It’s easy, in conversations about art, to get caught up in the semantics of truth. But at its core, originality must suggest some kind of distinction from what came before, and what others are doing. I don’t believe Kanye is advocating for the copycat or the thief, but for a kind of creativity that is immersed in something else.
Obviously, it would be dangerous to totally shed the idea of crediting the ideas and inspiration of fellow artists. But to over-emphasise credit or ownership ignores the ways in which creative peers in a community are constantly borrowing, taking from, and shaping each other. It’s important that artists aren’t exploited by business and institutions, but I would hate to imagine the artistic community stifled by a fear of approaching each other’s ideas and artworks. References and ideas circle among people, within communities in a specific time and place – what’s the difference between influence and exploitation? It’s difficult to say exactly, but I think it’s about being part of the source of your inspiration – it’s about building a meaningful relationship with what drives you.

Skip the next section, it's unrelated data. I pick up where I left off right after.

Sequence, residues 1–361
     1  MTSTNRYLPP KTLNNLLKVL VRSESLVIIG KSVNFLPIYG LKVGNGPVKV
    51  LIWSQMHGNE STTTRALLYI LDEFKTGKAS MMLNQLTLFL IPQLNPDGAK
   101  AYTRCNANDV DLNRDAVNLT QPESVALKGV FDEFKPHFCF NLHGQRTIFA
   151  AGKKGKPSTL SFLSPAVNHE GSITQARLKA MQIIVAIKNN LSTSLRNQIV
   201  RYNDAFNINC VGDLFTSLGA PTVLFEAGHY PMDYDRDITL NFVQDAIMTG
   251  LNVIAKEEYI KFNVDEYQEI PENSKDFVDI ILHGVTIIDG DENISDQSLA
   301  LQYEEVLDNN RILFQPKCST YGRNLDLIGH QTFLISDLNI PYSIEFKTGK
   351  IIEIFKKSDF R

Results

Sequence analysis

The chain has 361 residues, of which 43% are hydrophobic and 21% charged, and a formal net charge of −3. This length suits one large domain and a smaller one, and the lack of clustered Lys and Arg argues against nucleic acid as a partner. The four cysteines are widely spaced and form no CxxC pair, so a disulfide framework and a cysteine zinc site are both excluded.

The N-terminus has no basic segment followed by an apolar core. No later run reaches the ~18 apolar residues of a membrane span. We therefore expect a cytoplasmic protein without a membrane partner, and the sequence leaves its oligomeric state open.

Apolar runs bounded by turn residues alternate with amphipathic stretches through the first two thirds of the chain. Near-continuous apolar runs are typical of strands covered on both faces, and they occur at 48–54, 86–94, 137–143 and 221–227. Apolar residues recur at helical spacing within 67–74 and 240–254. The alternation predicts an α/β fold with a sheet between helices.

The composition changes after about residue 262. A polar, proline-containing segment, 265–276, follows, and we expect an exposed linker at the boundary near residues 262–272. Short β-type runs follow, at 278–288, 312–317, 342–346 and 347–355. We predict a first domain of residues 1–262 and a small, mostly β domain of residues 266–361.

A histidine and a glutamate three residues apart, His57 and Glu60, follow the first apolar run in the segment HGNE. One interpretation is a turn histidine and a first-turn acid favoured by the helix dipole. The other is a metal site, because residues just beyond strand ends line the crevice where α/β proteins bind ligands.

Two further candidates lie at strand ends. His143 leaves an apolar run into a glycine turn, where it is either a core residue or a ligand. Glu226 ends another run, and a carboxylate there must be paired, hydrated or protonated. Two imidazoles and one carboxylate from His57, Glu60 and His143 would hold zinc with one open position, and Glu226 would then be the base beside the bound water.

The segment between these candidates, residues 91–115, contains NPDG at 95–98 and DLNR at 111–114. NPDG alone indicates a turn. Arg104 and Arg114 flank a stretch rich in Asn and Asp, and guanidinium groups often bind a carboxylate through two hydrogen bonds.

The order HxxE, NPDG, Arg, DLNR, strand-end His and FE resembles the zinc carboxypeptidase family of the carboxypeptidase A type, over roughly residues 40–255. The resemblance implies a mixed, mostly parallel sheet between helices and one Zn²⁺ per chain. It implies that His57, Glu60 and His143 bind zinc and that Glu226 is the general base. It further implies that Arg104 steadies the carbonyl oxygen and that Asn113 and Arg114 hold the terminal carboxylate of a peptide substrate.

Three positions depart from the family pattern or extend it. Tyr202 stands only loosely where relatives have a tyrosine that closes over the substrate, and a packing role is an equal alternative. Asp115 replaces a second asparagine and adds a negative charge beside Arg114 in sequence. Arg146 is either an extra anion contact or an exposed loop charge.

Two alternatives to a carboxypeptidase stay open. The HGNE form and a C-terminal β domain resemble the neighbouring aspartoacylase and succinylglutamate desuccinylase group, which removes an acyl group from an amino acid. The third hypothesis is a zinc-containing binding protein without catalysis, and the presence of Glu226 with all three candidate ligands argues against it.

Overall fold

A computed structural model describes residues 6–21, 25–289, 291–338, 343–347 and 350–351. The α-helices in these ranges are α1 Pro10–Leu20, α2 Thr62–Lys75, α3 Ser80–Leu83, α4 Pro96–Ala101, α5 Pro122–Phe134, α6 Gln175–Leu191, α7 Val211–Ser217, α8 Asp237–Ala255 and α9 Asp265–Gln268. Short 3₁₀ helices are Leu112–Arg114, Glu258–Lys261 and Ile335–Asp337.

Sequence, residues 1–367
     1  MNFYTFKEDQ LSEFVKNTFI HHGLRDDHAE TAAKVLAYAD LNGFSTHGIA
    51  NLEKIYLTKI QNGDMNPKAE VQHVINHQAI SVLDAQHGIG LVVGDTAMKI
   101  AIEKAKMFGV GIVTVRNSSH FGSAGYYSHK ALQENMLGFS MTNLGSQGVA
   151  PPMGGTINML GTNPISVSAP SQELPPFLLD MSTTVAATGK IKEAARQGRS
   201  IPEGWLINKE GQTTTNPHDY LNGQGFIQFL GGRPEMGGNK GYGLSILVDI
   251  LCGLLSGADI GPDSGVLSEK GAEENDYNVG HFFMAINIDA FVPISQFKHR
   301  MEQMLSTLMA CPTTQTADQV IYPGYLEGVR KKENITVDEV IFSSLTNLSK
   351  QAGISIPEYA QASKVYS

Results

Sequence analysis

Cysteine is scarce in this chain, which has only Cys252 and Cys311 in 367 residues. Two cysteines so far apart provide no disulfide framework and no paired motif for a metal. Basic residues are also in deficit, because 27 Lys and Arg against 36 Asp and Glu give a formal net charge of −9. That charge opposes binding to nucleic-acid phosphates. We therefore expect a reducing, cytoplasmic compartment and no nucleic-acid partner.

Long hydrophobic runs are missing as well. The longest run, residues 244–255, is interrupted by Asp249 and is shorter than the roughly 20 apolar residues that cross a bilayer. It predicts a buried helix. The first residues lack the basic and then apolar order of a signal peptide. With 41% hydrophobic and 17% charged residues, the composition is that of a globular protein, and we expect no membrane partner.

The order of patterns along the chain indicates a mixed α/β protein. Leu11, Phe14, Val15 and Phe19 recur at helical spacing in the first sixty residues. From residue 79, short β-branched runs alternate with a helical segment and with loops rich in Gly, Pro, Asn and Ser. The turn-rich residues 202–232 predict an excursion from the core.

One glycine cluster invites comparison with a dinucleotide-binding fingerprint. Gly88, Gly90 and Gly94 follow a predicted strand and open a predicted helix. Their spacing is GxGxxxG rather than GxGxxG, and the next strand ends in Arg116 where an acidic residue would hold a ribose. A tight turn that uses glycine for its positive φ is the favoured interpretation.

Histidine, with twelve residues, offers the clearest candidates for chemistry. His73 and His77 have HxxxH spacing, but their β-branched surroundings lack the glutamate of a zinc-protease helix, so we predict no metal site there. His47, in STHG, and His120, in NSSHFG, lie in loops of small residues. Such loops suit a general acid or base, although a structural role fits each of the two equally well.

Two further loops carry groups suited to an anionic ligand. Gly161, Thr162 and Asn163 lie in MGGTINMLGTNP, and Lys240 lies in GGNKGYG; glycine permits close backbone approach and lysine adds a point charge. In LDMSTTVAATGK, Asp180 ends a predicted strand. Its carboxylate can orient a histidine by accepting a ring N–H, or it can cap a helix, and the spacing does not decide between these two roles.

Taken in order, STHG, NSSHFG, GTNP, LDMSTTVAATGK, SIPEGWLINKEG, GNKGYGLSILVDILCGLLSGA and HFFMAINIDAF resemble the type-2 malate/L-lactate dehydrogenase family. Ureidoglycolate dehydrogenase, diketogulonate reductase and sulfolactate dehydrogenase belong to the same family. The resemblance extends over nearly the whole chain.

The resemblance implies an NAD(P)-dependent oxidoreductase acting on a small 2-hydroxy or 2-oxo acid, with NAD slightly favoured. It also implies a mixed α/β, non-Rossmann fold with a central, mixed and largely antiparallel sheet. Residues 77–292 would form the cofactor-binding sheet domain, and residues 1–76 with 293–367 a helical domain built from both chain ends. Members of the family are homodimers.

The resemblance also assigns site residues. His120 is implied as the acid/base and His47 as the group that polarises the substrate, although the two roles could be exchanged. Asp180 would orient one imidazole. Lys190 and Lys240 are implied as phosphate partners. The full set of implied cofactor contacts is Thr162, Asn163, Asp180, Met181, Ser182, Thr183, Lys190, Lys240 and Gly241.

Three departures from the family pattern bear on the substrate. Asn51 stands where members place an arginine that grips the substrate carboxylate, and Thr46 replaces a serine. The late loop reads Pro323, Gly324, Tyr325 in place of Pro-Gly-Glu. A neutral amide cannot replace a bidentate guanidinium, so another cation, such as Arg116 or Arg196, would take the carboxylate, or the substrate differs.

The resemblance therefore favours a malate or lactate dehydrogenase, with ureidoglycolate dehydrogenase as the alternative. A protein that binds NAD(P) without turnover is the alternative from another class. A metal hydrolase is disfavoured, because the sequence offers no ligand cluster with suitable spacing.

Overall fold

Kanye’s 2013 track “Blood on the Leaves” might be the best defence of the trend towards copying, sampling, and quotation, which has been one of the most definitive tendencies within contemporary art (kicking off with Dada, conceptualism, and postmodernism). By taking someone else’s song – Nina Simone's 1965 rendition of “Strange Fruit”, a song about racism and lynching by Billie Holiday – Kanye made a powerful statement about music, history, and the lived experience of African Americans under the legacy of slavery. Kanye could have made a song about the same topics without sampling anyone else, but by doing so, he pointed to an entire musical tradition.
“The standard process of training to be a classical artist involved copying the great works of those who came before you...copying was the basis of training to be an artist” – Chris Hayes